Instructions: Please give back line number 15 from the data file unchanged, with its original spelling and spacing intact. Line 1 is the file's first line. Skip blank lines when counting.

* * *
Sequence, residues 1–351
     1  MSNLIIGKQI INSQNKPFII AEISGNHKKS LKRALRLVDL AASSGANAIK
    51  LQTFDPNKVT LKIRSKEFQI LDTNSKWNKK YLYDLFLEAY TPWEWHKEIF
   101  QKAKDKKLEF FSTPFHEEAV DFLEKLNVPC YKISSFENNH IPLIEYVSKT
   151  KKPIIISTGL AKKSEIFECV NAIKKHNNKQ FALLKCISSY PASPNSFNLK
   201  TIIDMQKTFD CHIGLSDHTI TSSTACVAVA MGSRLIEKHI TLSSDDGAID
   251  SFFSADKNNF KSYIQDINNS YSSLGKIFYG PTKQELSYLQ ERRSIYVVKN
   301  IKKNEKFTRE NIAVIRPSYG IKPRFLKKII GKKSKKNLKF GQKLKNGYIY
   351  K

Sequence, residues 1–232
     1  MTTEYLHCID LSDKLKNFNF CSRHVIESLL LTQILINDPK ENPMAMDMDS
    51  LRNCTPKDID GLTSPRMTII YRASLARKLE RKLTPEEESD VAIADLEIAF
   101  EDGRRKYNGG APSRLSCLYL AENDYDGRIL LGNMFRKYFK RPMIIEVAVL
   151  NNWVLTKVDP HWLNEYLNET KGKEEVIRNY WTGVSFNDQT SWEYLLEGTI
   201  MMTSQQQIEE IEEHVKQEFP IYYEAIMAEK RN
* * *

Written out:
   201  MMTSQQQIEE IEEHVKQEFP IYYEAIMAEK RN